A Curious Incident is magical and compelling
“I always tell the truth “
This is my review of Curious Incident from 2013 at the Apollo. It has since been at the Gielgud and the Piccadilly Theatres and is at the Troubadour Wembley and on tour.
The Curious Incident of the Dog in the Night-time was a hit novel for Mark Haddon with its analysis of the adventures of a 15 year old boy who has a disorder in the autism spectrum, akin to Asperger’s. Haddon says the novel is not a manual on autism but a book about otherness and how society at large reacts to what is different.
Marianne Elliott and Simon Stephens have turned the novel into a play which I found even more fascinating than the book. After selling out at the Cottesloe at the National Theatre, it has thankfully transferred to the Apollo in the West End. The play is charming and beautifully staged by Bunny Christie on a black and white grid on three sides and the floor, to draw on with chalk, or to illuminate with seemingly endless lighting possibilities.
Christopher Boone (Luke Treadaway) is visited and questioned by the police investigating the gruesome death by garden fork of the dog belonging to his next door neighbour. The police are patronising and long suffering when faced with Christopher’s wonderful retention of strange facts and his insistence on precise detail. Christopher speaks his own words but his thoughts are usually voiced by Niamh Cusack as Siobhan, Christopher’s teacher at the special school he attends. Christopher is candid and often unintentionally amusing as he describes truths that the rest of us shy away from because they might be tactless or hurtful or just too frank. We track back two years into the past and Christopher’s recalls how his mother Judy (Holly Aird) “went into hospital” and later his father Ed (Seàn Gleeson) told him that “she had died”.
Christopher is a talented mathematician and fascinated by theorems and prime numbers. The numbers and lights are projected to show Christopher’s mental activity. There are situations which he finds difficult to handle, confusion and crowds, and all the other actors will physically convey Christopher’s agitation in a choreographic cacophony. Two of Frantic Assembly‘s team, Scott Graham and Steven Hoggett are the movement directors and their imaginative physical work greatly adds to the complexity of interpretation. Christopher finds some unopened letters from his mother who he had thought was dead which throw him into a state of consternation, and while his mother reads her letters to him, Christopher single-mindedly builds a miniature train track layout while papers rain down and the letters are projected on the walls.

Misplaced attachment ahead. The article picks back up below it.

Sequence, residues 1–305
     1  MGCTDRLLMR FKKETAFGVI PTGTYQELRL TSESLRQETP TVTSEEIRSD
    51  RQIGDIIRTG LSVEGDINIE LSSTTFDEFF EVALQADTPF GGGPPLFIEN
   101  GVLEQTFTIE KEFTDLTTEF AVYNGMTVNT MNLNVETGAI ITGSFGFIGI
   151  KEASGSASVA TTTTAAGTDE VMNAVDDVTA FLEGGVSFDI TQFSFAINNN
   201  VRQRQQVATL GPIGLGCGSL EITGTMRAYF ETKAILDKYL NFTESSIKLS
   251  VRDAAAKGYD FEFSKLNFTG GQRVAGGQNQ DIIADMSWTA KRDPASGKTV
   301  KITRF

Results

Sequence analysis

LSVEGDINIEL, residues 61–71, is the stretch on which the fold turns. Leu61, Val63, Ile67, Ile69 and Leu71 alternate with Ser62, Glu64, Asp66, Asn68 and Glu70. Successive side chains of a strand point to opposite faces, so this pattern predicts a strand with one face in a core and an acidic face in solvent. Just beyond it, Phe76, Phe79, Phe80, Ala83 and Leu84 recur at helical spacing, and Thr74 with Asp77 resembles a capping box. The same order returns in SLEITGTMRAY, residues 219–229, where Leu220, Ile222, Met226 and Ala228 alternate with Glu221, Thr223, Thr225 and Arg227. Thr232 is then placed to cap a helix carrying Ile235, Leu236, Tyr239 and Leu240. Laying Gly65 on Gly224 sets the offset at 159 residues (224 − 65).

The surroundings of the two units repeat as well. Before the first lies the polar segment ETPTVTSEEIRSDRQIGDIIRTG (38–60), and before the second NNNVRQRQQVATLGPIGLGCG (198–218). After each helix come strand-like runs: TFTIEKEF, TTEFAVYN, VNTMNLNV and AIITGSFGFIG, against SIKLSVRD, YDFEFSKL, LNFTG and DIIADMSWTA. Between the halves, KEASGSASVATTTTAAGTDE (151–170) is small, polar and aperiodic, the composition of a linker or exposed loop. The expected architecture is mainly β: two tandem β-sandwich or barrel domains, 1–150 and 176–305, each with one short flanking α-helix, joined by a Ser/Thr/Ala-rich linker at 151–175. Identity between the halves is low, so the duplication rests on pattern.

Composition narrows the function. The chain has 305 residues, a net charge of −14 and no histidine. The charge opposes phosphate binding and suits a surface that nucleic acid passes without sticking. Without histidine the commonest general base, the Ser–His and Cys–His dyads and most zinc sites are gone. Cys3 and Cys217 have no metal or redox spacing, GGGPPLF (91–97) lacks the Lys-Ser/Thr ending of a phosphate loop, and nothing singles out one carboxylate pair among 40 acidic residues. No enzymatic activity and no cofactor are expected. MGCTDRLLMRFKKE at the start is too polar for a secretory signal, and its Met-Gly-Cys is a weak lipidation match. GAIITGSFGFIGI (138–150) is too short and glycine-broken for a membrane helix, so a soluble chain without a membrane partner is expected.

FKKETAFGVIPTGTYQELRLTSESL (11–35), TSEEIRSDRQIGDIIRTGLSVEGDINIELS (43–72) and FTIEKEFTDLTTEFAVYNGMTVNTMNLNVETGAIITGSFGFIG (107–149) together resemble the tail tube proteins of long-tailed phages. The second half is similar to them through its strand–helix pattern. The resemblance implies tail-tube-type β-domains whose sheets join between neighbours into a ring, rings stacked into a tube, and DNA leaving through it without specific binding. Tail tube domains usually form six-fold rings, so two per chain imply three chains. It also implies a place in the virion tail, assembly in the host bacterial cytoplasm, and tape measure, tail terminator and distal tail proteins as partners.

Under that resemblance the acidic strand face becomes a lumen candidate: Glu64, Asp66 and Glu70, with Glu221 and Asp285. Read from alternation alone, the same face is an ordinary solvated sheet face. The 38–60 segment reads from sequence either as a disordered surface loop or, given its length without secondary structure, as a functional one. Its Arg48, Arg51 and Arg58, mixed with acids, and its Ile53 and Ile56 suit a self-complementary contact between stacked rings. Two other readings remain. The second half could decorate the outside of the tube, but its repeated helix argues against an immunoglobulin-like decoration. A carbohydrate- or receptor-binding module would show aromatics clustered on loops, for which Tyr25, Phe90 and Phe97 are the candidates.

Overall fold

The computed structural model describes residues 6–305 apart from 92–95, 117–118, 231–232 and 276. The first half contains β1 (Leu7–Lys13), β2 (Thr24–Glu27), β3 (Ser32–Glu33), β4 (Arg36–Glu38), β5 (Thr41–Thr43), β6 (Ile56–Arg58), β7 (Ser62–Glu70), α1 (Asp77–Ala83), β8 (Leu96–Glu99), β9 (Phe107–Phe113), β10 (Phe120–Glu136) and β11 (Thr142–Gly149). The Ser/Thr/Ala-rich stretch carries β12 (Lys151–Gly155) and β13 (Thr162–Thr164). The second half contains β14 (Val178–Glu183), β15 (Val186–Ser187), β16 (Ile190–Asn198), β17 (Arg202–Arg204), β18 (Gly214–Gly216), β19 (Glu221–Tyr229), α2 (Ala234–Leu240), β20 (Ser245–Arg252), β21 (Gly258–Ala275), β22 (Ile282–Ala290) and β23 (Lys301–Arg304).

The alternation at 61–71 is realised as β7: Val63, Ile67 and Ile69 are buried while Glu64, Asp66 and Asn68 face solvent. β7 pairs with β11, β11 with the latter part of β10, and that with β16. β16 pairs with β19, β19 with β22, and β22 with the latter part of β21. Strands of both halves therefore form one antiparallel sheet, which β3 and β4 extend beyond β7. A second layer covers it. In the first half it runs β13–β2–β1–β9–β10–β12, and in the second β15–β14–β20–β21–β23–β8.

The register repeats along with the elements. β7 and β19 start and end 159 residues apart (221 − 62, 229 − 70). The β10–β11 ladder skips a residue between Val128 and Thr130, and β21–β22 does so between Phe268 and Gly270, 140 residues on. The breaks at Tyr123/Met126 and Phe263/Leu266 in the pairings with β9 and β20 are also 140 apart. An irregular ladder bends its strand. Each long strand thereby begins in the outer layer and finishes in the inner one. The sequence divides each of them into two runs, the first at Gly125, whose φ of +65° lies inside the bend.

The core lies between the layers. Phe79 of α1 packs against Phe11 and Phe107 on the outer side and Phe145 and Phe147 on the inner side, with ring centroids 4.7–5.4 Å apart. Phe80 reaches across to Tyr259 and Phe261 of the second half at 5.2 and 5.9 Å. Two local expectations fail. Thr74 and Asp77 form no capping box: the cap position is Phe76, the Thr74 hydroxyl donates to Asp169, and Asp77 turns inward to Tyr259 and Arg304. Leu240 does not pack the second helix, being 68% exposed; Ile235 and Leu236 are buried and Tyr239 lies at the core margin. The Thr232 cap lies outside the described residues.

“I don’t like acting,” says Christopher, “. . . . pretending something is real when it’s made up. It’s a kind of lying.” He sets off on an adventure to go to London with his father’s credit card and Toby, his pet rat for company. The underground and the escalators will fascinate Christopher who has been brought up in Swindon in Wiltshire. The congestion of London is beautifully realised by Marianne Elliott with tramping people, projected sound bites, rap music and flashing lights. We see too Christopher’s odd quirks. He doesn’t like being hugged or kissed but instead, looking away, will put his hand palm facing you for you to match it with your hand.
Luke Treadaway creates Christopher’s character with immense skill without ever being mawkish. It is a play which appeals to our inner child and Treadaway’s performance allows us to see the world through his eyes. I never believed he was anything except 15. Niamh Cusack is very soft and kind as his teacher and recognises Christopher’s mathematical potential. He is entered for A level Mathematics, something that has never before happened at his special school.
The 11 strong cast work very hard as the 37 plus characters who interact with Christopher on his quest to find out how the dog was murdered. Christopher onstage will prove a solution involving Pythagoras’ Theorem for those who stay after the curtain call. Solving the murder will impact terribly on Christopher’s sense of trust. The ending is just perfect and I won’t spoil it here but there is a replacement for Christopher’s pet rat which has the ahh factor.
I met someone in the interval on opening night who was unprepared for the simplicity of the story line through Christopher’s black and white thoughts and who was under the impression that he was watching a children’s play, and here I quote, until he heard “the F word.” I would name The Curious Incident of the Dog in the Night-time as the number one must-see play on in London but research it before you go, so you know what to expect.
The Curious Incident of the Dog in the Night-time
Based on the best selling novel by Mark Haddon
Adapted for the stage by Simon Stephens
Directed by Marianne Elliott
Audrey/Marilyn as Toby
Director: Marianne Elliott
Designer: Bunny Christie
Movement: Scott Graham and Steve Hoggett
Music: Adrian Sutton
Lighting Designer: Paule Constable
Sound Designer: Ian Dickinson for Autograph
Video Designer: Finn Ross
Movement: Rachel-Leah Hosker
Running Time: Two hours 40 minutes with an interval
Closed at the Apollo Theatre 19th December 2013
Now booking 2021 Troubadour Wembley and on tour
Reviewed by Lizzie Loveridge
at the Apollo Theatre
on March 2013